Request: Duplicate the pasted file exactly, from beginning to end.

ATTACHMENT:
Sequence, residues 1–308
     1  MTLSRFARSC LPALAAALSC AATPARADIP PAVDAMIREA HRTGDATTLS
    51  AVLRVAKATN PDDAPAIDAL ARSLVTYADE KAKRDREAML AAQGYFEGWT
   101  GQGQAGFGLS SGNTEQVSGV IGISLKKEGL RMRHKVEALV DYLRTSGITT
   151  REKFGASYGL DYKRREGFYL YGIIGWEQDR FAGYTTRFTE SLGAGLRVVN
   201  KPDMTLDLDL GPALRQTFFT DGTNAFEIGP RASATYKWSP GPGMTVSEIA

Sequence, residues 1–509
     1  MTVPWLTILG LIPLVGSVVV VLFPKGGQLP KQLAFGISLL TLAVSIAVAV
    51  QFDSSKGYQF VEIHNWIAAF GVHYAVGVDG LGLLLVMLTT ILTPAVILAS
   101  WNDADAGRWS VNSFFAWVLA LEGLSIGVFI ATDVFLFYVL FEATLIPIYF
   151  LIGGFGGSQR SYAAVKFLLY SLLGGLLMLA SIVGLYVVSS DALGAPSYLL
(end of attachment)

Sequence, residues 1–308
     1  MTLSRFARSC LPALAAALSC AATPARADIP PAVDAMIREA HRTGDATTLS
    51  AVLRVAKATN PDDAPAIDAL ARSLVTYADE KAKRDREAML AAQGYFEGWT
   101  GQGQAGFGLS SGNTEQVSGV IGISLKKEGL RMRHKVEALV DYLRTSGITT
   151  REKFGASYGL DYKRREGFYL YGIIGWEQDR FAGYTTRFTE SLGAGLRVVN
   201  KPDMTLDLDL GPALRQTFFT DGTNAFEIGP RASATYKWSP GPGMTVSEIA

Sequence, residues 1–509
     1  MTVPWLTILG LIPLVGSVVV VLFPKGGQLP KQLAFGISLL TLAVSIAVAV
    51  QFDSSKGYQF VEIHNWIAAF GVHYAVGVDG LGLLLVMLTT ILTPAVILAS
   101  WNDADAGRWS VNSFFAWVLA LEGLSIGVFI ATDVFLFYVL FEATLIPIYF
   151  LIGGFGGSQR SYAAVKFLLY SLLGGLLMLA SIVGLYVVSS DALGAPSYLL